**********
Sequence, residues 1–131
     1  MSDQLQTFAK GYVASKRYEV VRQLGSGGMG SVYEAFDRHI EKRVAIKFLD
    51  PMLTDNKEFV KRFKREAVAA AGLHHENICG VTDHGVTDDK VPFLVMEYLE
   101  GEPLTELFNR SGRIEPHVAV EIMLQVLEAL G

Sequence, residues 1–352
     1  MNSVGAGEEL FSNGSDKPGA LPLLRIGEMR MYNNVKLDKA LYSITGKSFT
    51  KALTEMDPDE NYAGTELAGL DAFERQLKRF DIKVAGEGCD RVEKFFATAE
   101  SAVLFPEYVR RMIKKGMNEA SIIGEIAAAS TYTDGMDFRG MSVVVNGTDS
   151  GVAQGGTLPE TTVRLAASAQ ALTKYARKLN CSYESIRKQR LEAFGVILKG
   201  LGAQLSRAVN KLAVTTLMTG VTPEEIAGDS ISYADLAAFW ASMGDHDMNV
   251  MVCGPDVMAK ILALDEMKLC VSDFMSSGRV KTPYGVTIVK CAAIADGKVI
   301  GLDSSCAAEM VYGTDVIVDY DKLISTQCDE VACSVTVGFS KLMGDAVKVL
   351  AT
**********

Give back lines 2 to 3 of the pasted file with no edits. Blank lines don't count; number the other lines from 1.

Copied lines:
     1  MSDQLQTFAK GYVASKRYEV VRQLGSGGMG SVYEAFDRHI EKRVAIKFLD
    51  PMLTDNKEFV KRFKREAVAA AGLHHENICG VTDHGVTDDK VPFLVMEYLE